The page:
35. 1 point
  36. 1 point
    As for additional information on the PCM, there 'might' be a few things, it will allow for the USB connection as already know but in addition to this the display will show and allow the section of the audio files on the USB making song selection a bit more user friendly. The other thing that has been alluded to but not confirmed is the ability to laod MP3's onto the PCM's hard drive for play back when no auxilary device is attached. The reason I said 'alluded to' is that it is appearently mentioned in the later version of the PCM manual but now one that I know has confirmed this actually works or is a feature that will be coming with a subsequent release of PCM firmware. Of course there may also be additional things to access on the PCM like log data for trips if other options are chosen, the complete integration of Blue Tooth musical stream may or may not depend on the PCM option as well. The stock sound sysytem can be described as adaquet, the ability of that system while the top is up should be fine, but with the top down may be a bit taxed to provide some reasonable sound enjoyment. I know that this may not be a concern to some, but coming from my 2006 and the base audio system, I know that when the top goes down the radio went off, it just couldn't keep up! So the Bose options was 'checked'. So PCM, in the end it was a tough decision to make, expensive too, but I decided there was enough tangible and possible uses and abilities that the PCM would provide that made checking yet another option box 'necessary'. ;) Besides, although you can add this later given the upgrade cost and hassle you probably won't. So I am in... on both.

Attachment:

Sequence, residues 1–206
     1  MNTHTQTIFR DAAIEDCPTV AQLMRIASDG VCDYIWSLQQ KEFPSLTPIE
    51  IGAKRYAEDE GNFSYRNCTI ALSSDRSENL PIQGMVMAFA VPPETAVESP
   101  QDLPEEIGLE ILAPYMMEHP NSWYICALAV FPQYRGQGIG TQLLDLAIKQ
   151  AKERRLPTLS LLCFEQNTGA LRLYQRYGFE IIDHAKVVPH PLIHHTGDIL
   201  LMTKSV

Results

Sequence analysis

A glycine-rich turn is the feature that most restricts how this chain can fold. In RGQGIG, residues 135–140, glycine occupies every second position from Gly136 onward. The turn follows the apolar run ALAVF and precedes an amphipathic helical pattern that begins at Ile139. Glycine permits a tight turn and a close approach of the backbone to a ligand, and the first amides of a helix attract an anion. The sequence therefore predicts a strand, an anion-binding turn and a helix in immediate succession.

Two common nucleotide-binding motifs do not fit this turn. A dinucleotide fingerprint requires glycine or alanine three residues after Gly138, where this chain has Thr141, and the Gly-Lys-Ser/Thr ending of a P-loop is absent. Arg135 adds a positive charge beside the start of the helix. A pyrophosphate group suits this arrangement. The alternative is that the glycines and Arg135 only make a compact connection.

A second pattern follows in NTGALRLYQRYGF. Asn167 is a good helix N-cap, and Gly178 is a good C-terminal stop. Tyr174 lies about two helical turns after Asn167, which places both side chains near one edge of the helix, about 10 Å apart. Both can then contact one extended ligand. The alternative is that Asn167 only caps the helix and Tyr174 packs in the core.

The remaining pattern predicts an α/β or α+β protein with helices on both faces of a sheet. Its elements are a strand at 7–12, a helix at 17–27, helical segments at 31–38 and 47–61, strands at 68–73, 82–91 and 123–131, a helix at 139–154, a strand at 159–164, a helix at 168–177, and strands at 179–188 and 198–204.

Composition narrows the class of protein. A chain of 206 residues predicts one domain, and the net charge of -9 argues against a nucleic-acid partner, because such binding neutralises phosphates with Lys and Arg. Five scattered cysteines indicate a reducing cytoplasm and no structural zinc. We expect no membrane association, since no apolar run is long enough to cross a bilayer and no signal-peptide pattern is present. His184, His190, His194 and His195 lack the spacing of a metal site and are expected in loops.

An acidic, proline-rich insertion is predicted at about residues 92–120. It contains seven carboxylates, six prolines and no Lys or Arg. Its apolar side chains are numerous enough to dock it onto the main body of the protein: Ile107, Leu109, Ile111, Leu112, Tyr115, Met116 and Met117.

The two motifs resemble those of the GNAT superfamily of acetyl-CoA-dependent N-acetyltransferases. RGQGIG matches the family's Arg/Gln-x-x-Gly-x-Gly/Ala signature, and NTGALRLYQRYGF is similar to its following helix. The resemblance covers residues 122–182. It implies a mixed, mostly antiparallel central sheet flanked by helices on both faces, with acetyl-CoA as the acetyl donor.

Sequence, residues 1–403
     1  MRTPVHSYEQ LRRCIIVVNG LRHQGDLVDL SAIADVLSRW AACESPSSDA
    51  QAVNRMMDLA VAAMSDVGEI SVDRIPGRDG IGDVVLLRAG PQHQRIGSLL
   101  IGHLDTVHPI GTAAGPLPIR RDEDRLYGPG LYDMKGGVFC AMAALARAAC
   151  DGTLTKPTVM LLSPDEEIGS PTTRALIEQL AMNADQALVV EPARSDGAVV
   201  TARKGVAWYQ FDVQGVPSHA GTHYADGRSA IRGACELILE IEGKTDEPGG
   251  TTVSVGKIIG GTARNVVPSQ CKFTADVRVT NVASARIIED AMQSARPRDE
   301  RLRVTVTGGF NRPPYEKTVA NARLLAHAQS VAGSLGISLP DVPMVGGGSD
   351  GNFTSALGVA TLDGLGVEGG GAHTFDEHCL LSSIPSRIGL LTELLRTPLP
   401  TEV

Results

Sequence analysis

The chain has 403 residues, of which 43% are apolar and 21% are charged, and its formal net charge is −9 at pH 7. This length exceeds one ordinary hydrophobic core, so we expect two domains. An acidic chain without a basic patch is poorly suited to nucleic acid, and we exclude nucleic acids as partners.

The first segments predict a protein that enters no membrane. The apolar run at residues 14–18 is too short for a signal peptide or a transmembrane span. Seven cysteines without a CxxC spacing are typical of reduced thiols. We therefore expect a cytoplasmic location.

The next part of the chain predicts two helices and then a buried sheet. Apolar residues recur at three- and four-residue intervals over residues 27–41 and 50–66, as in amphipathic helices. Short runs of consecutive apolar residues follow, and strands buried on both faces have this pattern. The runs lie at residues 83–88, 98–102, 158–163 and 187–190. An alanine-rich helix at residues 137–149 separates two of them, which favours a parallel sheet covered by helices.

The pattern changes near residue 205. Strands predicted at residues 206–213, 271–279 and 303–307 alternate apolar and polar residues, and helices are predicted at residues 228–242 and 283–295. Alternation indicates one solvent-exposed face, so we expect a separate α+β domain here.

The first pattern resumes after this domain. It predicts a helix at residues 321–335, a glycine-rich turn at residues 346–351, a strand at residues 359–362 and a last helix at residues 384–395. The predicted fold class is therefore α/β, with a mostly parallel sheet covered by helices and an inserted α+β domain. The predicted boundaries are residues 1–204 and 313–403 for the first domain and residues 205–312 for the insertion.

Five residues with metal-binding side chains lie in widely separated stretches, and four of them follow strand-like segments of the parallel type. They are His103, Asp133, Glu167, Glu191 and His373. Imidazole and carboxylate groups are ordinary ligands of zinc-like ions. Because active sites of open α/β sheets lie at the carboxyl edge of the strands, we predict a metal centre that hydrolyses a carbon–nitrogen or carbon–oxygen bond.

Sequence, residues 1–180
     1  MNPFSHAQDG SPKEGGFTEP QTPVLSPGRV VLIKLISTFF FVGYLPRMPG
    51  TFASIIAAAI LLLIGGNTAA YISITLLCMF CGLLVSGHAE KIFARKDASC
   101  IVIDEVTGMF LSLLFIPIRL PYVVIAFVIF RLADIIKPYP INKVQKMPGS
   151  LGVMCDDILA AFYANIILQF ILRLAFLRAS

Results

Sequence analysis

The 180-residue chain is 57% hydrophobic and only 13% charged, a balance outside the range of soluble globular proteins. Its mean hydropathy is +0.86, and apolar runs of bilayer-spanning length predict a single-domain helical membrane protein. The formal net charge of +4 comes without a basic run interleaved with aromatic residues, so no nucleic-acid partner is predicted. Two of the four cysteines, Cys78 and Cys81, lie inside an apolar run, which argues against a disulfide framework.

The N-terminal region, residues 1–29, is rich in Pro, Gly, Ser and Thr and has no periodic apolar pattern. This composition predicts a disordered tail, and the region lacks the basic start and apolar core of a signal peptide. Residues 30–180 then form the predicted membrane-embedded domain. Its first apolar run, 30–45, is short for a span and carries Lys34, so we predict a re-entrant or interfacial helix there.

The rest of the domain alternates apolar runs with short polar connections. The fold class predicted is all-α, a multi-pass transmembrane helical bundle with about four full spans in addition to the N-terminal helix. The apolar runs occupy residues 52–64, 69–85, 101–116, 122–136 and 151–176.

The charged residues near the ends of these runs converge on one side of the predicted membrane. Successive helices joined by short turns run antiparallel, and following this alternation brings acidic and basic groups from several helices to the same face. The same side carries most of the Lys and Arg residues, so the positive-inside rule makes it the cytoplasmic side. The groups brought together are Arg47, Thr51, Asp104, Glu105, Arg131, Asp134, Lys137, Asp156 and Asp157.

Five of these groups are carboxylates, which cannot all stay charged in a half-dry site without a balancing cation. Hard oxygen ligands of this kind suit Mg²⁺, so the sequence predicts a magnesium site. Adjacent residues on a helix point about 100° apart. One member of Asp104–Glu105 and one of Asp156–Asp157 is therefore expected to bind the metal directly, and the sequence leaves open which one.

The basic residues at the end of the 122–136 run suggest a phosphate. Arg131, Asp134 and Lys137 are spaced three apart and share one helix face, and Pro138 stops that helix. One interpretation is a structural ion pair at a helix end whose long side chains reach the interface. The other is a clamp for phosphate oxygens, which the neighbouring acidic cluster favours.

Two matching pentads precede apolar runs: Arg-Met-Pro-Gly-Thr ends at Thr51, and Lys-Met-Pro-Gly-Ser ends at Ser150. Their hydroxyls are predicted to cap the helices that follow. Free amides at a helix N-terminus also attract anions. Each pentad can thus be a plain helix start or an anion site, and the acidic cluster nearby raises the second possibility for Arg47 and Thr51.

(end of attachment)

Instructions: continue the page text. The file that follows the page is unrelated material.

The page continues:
37. 1 point
    991-631-155-02 Direction Indicator Light (left) -- US MSRP $32.74 991-631-156-02 Direction Indicator Light (right) -- US MSRP $32.74 Your bulb should already be white so just change out the lens/socket assembly.
  38. 1 point
    Note: Part numbers sometimes change without notice. Always double check with your supplier that you have the latest part numbers. Tools you will need: Crimping tool Soldering Iron Hot airgun (or hair dryer) Parts For MY99-MY01 use: 996.616.101.00 For MY02 and newer use: 996.616.141.00 Heat shrink tubing (fairly large) Electrical tape (optional) Note: The ballast resistor is available as a spare part and can be replaced by crimping it onto the old wires. 1. Disconnect the battery and cover the terminal or battery. 2. Unclip ballast resistor from the holder from below. 3. Cut off wires approx. 30 mm behind the old ballast resistor. 4. Slide heat-shrink tubing over the wires to the plug connections (2x) and to the fan motor (1x). 5. Shorten wires of the new ballast resistor to approx. 30 mm and strip approx. 5 mm of insulation off all wire ends. 6. Using a commercially available crimping tool, join the wires with crimp connectors. 7. After crimping, solder the crimp connectors. Slide heat-shrink tubing over the crimp connectors and then shrink the tubing with a hot airgun. 8. Carefully route the wires and, if necessary, fix in place with plastic tape.
  39. 1 point
    The Transmission manufacturer is ZF, the attache file is the recommended fluids for the 5HP19 transmissions. I changed my ATF in my 1999 Tiptronic car and used the VW Audi fluid. Its all the same Oil just repckaged for each dealer. AUDI, Porsch, BMW etc. The place where I purchased my fluid is ETY Parts in LA thier email: ETYPARTS@AOL.COM 1.877.ety-part (Toll Free) 323.254.7442 (Local) Here is the ATF link. http://catalog.etyparts.com/item.wws?sku=G...mp;clientid=ety P.S. I decided to use the factory ATF inlieu of an after market such as Penzoil because this is what ZF recommends period. It was about a 2 hour get dirty type job, Im going to change mine once a year from now on. D_Man ZF_approved_Transmission_Fluids.pdf
  40. 1 point
    Yes, the Tip in the 3.6 liter Carrera is the same as the TT.